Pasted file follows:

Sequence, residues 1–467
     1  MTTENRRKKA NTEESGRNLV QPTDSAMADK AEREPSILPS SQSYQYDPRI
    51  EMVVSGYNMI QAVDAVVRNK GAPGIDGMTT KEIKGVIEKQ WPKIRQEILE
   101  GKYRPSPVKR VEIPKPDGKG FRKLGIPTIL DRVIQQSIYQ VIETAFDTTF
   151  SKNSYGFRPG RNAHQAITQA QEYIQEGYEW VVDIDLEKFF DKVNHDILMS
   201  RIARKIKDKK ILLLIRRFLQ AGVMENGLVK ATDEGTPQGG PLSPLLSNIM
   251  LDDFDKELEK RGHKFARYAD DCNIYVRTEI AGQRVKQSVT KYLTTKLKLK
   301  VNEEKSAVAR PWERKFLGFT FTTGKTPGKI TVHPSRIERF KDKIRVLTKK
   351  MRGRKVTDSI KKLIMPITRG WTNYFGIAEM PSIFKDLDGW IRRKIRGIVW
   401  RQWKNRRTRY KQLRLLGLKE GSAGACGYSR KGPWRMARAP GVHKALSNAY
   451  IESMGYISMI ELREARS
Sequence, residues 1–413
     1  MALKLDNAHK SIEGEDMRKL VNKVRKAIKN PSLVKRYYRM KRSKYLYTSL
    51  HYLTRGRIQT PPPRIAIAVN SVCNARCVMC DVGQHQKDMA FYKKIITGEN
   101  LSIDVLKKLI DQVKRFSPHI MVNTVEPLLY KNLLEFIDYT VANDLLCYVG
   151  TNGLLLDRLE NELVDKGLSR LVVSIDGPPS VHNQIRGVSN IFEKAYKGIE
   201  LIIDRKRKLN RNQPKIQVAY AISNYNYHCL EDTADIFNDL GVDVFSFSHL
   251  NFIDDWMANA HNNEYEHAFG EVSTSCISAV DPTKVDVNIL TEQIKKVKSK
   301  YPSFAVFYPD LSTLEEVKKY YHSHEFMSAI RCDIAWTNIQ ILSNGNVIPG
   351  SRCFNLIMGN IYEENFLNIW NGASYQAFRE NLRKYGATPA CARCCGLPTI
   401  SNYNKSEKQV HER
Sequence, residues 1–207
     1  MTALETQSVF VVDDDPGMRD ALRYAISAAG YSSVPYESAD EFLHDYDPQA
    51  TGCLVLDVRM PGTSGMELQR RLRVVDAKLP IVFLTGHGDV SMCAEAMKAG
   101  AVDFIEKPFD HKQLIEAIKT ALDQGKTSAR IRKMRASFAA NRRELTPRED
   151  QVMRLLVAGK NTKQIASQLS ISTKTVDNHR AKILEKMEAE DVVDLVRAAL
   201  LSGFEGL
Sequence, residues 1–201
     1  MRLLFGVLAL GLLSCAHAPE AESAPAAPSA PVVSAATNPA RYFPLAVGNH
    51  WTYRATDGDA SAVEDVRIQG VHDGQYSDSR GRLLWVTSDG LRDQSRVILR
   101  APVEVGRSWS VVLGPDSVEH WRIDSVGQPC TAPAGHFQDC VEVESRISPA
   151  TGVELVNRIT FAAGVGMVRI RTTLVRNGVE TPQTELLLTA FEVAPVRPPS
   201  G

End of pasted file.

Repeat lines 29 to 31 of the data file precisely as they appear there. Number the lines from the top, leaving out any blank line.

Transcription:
     1  MRLLFGVLAL GLLSCAHAPE AESAPAAPSA PVVSAATNPA RYFPLAVGNH
    51  WTYRATDGDA SAVEDVRIQG VHDGQYSDSR GRLLWVTSDG LRDQSRVILR
   101  APVEVGRSWS VVLGPDSVEH WRIDSVGQPC TAPAGHFQDC VEVESRISPA